Transcription, comments, theories, links to do with VMs page f9v to be added here... :-)

Description: edit

One plant, flush against the right and bottom edges, reaching almost to the top.

Root: a bundle of thin wires. Dark overpaint?
Stem: one straight. Light color.
Branches: two symmetrical pairs, oblique.
Leaves: the four lower ones are medium width, lance-shaped, with smooth edges; the others have the same outline but are deeply cut into five narrow points. Dark color.
Stalk: short, mostly missing.
Flowers: five, at the tips of stem and branches.
Stalk: medium length, thin
Chalyx: flat or everted, with short triangular sepals, partly hidden by corolla.
Petals: five rounded petals, a large one on top, the others like "arms and legs".
Core: very small. Medium and dark colors.

Two paragraphs (with 3.7 and 7.7 lines) at the top, left-justified. The first one is right-justified; the second one follows the plant's profile on the right. Both are interrupted in several places by the flowers and leaves.

Comments: edit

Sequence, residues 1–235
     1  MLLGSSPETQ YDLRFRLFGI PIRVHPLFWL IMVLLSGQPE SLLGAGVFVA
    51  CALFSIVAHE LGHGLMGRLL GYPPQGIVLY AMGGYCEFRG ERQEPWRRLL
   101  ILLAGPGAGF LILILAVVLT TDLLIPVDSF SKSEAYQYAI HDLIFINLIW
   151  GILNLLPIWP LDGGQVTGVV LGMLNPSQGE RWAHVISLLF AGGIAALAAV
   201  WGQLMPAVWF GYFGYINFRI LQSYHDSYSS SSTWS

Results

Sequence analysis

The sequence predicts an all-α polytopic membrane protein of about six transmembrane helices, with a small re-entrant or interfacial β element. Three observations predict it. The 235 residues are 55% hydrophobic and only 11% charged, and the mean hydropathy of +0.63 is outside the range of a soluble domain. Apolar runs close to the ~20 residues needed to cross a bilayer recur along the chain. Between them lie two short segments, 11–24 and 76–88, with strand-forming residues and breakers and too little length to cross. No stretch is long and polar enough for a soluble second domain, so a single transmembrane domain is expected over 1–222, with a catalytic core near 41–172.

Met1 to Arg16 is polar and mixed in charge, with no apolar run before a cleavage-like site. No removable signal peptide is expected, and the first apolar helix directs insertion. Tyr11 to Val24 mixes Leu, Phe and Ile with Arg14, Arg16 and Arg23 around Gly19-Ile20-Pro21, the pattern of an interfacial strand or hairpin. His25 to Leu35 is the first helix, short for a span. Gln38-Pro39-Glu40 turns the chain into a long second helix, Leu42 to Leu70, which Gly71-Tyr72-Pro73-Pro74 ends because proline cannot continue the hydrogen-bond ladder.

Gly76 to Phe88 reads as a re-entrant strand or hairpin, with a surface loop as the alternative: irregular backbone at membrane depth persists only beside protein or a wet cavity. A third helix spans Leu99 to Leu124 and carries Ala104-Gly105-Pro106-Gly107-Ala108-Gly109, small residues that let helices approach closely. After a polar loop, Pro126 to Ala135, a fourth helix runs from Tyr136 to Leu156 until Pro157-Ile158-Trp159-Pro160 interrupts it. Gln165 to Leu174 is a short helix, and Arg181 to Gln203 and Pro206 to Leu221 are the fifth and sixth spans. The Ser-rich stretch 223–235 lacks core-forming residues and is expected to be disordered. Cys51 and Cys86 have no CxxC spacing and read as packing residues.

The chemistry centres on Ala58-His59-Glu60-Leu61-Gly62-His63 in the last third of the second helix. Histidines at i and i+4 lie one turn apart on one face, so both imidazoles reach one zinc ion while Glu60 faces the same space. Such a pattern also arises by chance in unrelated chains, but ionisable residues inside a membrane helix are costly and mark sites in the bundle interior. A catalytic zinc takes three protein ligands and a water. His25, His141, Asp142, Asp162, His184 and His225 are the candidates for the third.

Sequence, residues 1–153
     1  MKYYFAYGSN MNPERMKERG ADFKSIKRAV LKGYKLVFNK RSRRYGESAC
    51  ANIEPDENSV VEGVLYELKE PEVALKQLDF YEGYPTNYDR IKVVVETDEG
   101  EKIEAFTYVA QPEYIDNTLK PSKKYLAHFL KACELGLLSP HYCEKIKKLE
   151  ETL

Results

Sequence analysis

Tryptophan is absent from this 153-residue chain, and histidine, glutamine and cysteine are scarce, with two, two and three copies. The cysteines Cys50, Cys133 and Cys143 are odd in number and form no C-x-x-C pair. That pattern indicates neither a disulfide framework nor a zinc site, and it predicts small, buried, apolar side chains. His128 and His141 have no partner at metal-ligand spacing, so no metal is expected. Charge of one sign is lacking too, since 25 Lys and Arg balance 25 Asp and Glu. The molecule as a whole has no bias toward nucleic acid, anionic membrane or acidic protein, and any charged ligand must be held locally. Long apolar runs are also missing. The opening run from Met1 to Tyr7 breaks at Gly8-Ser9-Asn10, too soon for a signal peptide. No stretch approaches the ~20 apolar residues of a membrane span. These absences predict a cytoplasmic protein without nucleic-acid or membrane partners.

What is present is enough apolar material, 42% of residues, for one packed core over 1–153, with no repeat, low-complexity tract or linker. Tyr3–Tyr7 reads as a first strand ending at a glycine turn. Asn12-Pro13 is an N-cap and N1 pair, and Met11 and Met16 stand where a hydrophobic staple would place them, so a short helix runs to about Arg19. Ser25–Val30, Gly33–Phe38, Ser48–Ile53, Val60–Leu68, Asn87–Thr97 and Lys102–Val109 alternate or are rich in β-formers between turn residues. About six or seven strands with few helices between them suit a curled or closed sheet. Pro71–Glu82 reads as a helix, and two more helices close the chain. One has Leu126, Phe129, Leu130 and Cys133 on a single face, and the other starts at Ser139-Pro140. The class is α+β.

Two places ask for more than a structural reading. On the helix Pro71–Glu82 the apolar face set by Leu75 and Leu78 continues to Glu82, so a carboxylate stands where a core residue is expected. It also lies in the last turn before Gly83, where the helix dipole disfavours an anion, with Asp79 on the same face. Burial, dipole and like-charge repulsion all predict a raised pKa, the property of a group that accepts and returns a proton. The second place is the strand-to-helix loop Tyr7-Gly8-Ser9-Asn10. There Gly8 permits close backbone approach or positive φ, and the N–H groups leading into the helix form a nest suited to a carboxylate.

Petersen identifies this plant, with high confidence, as "Viola trinitalis". I coudn't find such species, but "herba trinitatis" is the herbalists' name for Viola tricolor (heartsease,wild pansy) [1,2,3].

Indeed, comparing f9v with a drawing by Carl Lindman [1], we see an almost perfect match --- including the roots, and the two types of leaves.

Dennis Mardle [10 Oct 1998] observes that the details match also Viola arvensis (field pansy), which hybridises with V. tricolor and is very similar in shape, including especially the dimorphic leaves [1,4].

The colors may help resolve this issue. The flowers of Viola tricolor are usually purple and white with yellow core; Lindman's drawing shows V. arvensis as white (or light blue?) with yellow core. Jim Reeds color list [03 Mar 1998] reports some blue on this page, to be confirmed.

In either case, there is one odd detail: the flowers in f9v are upside-down. Also the two bottom flowers are somewhat different.

Viola tricolor was used internally to treat epilepsy, asthma and bronchitis (whole plant), as an emetic and purgative (seeds) and as a heart tonic (flowers). Externally it was used to treat skin diseases [2]. The flowers are reported to be edible.

References: edit

[1] Carl Axel Magnus Lindman

Bilder ur Nordens Flora
227. A. Styvmorsviol, Viola tricolor L.; B. Åkerviol, Viola arvensis Murr.

[2] Mrs. M. Grieve, F.R.H.S.

A Modern Herbal
Viola tricolor - Heartsease

[3] ECNC DATABASE: SAXIFRAGA European Flora Slides

Viola tricolor ssp. tricolor

[4] ECNC DATABASE: SAXIFRAGA European Flora Slides

Viola Arvensis Murr.